by Mitch Kokai
Senior Political Analyst, John Locke Foundation
Vice President Mike Pence has beefed up his West Wing communications team as he confronts an accelerating impeachment inquiry into President Trump and an unpredictable 2020 reelection campaign.
Pence is under pressure to answer questions about Trump’s actions and own his role in the administration’s dealings with Ukraine, which are the focus of a widening investigation by Democrats in the House of Representatives. The vice president is simultaneously trying to reassure skeptical voters that Trump can be trusted with a second term.
To maneuver, Pence is leaning on a few key aides: chief of staff Marc Short, a savvy strategist with deep Washington connections; press secretary Katie Waldman, a veteran of congressional campaigns and the Homeland Security Department; and Hannah MacInnis, who worked under Trump digital guru Dan Scavino in the White House and is helping the vice president invigorate his social media operation.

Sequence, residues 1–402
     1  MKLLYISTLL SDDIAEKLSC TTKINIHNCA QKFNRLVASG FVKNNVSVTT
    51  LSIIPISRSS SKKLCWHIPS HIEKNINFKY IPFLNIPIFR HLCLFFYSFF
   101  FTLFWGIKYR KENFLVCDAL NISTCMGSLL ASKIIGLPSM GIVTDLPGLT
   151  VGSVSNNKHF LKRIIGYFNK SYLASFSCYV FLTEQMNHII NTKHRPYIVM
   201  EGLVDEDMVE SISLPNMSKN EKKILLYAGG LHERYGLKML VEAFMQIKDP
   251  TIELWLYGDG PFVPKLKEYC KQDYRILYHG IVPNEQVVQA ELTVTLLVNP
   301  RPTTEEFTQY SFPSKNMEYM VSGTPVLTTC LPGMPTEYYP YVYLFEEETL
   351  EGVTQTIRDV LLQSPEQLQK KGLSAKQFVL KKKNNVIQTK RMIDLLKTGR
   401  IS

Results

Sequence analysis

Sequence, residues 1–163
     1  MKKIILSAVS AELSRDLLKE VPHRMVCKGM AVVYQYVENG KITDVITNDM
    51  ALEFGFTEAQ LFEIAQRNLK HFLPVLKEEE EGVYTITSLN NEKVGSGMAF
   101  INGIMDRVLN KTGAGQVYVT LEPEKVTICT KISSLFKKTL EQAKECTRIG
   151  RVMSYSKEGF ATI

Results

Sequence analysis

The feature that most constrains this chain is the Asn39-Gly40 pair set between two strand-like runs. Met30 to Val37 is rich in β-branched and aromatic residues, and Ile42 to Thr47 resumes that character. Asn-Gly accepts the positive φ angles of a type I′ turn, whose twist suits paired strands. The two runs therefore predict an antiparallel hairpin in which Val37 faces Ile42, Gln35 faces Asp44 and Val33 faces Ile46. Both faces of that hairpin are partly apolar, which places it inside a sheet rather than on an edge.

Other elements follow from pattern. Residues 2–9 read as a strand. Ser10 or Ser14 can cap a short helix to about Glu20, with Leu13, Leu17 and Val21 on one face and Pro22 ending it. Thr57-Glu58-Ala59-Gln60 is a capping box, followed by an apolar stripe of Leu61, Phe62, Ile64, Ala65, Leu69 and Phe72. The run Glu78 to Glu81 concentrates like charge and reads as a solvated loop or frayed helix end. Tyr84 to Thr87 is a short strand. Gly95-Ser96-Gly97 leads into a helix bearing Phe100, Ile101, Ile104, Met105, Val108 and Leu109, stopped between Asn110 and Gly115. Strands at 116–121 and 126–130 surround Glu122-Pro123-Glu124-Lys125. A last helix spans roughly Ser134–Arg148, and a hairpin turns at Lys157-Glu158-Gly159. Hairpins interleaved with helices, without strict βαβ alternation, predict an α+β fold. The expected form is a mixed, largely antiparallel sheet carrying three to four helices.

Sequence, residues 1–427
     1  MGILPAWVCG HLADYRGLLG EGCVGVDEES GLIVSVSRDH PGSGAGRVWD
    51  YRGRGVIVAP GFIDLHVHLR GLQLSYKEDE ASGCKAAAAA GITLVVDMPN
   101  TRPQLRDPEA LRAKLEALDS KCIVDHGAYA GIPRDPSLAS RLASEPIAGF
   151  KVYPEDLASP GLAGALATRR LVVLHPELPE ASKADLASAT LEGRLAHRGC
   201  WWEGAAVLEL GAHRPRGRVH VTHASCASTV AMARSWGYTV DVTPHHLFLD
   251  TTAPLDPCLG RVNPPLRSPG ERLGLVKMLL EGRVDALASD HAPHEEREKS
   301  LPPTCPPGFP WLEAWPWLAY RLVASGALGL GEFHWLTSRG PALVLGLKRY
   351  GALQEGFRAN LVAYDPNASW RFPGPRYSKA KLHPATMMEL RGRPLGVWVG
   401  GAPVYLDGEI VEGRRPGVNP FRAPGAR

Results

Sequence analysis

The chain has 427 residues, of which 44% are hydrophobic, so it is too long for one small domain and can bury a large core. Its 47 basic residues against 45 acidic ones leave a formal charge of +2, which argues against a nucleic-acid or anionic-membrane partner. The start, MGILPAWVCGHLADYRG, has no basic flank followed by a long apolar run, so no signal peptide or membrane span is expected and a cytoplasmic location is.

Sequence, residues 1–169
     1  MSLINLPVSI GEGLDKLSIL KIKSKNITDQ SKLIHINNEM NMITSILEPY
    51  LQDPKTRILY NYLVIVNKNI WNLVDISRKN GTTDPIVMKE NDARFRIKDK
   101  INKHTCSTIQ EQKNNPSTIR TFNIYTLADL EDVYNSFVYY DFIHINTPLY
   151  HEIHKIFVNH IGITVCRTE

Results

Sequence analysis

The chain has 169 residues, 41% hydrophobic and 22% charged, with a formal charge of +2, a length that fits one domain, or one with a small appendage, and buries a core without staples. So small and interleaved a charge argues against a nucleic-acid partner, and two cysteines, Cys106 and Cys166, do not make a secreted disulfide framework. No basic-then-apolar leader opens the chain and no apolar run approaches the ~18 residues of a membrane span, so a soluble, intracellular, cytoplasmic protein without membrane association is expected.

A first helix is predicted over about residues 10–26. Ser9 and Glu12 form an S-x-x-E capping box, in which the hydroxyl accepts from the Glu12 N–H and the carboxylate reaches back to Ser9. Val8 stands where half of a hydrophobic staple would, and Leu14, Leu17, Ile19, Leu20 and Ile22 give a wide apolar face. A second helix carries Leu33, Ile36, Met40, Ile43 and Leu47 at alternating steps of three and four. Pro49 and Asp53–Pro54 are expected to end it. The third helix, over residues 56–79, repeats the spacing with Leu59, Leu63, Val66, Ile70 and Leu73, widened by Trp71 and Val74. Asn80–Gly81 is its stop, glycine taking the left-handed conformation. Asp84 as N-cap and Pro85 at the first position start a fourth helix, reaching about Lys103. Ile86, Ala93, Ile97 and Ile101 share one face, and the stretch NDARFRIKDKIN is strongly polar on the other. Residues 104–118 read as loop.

Republican insiders, conceding the political risks of impeachment, say it is crucial that Pence communicate quickly and effectively.
“I know Short and Waldman well. They’re both really good at their jobs. Pence is lucky to have them. But I think it’s too soon to say how any of this works out for anyone,” said Alex Conant, a Republican strategist.
The Trump campaign often deploys Pence to woo establishment-oriented Republicans and swing voters in critical battlegrounds. He hit the trail this month amid the unfolding impeachment inquiry to bolster Trump’s 2020 position and immediately faced challenges.